(Interestingly, when my laptop or my wife's iPad is misbehaving and we call our son who works in IT for help, the first thing he usually says is, "Why don't you power off for a few minutes and then turn it back on and see if that helps."   In most cases, a little "down time" is all that is needed.)

But far more important than keeping our computers running smoothly, it's imperative that my team and I properly maintain our tools of greatest consequence, our brains. We are in the brain business. The essence of what we provide our clients is knowledge and wisdom. Those are the fruits of our brain power.   Unless we keep our brains in tip-top shape, we cannot expect to produce a bountiful crop.  

I love my job because I've been able to create a business around my own unique talents and aptitudes. (I've often said that if you want a perfect job, you need to build it for yourself.) But even in a perfect job - and perhaps especially if it's a not-quite-perfect job - it's vital to disconnect from it from time to time. Down time is essential to any successful enterprise, but especially if you're in the brain business.  

I love to work but I must maintain a balance between doing and not doing. "Strategic disengagement" is how I describe taking time away from work so the brain can rejuvenate. I appreciate Tony Schwartz' advice that in today's intense and fast-paced world, we need to create "white space" for ourselves.  

"It's not possible to move from one activity to the next at blinding speed and be reflective at the same time. The more complex and demanding the work we do, the wider, deeper, and longer the perspective we require to do it well. It's almost impossible to do that when we create no white space in our lives."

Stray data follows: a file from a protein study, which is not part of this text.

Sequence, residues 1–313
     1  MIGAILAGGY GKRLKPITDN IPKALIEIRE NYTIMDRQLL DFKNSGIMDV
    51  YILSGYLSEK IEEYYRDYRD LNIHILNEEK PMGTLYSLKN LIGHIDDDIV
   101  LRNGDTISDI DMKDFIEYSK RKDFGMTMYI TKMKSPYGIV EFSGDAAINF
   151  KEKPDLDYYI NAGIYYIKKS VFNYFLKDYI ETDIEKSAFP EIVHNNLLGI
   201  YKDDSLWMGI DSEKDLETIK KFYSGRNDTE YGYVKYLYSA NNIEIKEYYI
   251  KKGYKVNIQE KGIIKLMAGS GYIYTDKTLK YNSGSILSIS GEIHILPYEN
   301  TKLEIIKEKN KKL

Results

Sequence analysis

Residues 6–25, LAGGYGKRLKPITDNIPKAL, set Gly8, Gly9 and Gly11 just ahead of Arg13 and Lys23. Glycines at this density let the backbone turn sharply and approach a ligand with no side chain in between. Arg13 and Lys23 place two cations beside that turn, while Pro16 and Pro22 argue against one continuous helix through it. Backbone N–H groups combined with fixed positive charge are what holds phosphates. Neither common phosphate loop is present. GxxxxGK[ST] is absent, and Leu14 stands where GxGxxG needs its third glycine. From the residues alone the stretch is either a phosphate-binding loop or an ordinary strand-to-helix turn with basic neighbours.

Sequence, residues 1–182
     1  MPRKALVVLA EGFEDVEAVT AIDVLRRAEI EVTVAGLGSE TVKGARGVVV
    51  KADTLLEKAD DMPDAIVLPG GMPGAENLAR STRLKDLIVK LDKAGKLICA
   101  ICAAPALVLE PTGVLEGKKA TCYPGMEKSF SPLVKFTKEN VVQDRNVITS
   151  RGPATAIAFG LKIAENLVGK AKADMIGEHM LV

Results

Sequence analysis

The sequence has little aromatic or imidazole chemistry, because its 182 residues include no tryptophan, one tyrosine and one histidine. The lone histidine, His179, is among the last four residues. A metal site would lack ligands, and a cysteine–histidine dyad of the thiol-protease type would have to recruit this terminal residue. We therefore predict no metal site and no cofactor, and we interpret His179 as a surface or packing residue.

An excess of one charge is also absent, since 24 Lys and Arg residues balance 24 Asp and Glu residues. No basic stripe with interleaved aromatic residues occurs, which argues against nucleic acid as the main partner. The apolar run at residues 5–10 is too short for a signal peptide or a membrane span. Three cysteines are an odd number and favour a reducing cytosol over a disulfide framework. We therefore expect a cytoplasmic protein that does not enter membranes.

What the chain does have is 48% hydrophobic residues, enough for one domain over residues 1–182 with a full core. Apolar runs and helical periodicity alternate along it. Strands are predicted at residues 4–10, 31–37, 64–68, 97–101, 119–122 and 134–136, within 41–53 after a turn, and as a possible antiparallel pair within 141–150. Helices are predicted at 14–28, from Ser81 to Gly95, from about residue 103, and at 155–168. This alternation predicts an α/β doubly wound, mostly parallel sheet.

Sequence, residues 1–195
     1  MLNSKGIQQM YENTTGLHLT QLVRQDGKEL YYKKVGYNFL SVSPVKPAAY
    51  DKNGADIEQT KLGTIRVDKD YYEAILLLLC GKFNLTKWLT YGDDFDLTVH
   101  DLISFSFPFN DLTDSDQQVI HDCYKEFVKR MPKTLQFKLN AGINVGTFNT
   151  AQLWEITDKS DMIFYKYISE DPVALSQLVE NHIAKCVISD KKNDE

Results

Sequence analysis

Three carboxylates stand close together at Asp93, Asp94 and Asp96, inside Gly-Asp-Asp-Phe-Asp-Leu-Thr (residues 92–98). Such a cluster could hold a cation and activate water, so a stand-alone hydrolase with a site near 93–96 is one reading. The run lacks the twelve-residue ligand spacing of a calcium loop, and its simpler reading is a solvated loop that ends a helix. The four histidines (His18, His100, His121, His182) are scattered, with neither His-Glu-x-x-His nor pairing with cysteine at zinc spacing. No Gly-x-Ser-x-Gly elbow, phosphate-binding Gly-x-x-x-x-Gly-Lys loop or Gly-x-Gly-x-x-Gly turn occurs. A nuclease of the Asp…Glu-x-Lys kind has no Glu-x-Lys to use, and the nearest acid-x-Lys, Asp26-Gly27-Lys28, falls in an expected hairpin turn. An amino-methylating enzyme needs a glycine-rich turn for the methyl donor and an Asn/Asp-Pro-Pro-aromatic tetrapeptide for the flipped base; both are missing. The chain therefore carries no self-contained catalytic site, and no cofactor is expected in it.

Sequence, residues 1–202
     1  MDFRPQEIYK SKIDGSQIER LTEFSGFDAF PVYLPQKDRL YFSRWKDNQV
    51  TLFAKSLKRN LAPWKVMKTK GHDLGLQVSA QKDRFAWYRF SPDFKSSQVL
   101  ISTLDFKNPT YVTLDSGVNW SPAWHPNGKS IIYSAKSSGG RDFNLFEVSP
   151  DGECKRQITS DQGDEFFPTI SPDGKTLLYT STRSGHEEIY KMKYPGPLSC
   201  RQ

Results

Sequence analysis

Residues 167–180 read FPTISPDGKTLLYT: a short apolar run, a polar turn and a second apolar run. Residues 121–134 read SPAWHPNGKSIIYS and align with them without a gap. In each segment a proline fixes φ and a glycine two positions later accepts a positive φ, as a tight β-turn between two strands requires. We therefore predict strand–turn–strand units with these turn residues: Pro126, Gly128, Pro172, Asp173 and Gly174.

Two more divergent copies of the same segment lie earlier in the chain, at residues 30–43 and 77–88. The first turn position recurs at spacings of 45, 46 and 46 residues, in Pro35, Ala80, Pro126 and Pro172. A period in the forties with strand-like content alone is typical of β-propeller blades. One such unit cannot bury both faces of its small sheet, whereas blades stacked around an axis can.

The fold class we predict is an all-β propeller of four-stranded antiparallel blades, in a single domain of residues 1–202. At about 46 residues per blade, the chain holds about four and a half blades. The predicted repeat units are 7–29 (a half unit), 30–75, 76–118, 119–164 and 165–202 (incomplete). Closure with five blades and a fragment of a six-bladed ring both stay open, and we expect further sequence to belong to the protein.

When we're not at work, doing something different is good, but sometimes DOING NOTHING is even better. If our "days off" are too tightly scheduled, we may arrive back at work in worse mental shape than when we left. We must learn - and then remember - to MAINTAIN THE BRAIN BY DOING NOTHING.

When I say "doing nothing" I mean:
  • Sitting and thinking.
  • Walking in the woods.
  • Listening to the birds or the crickets.
  • Taking a nap.
  • Sitting on the beach and watching the waves.
  • Lying in a hammock and pondering the clouds.
  • Hanging out on the porch and admiring the sunset.
  • Or doing whatever allows us to fully disengage.
Otherwise, when we are working next, we won't be working at full capacity. We cannot be tightly wound every single minute if we expect to deliver our best results.  

If we don't schedule time to maintain our equipment, our equipment will schedule it for us.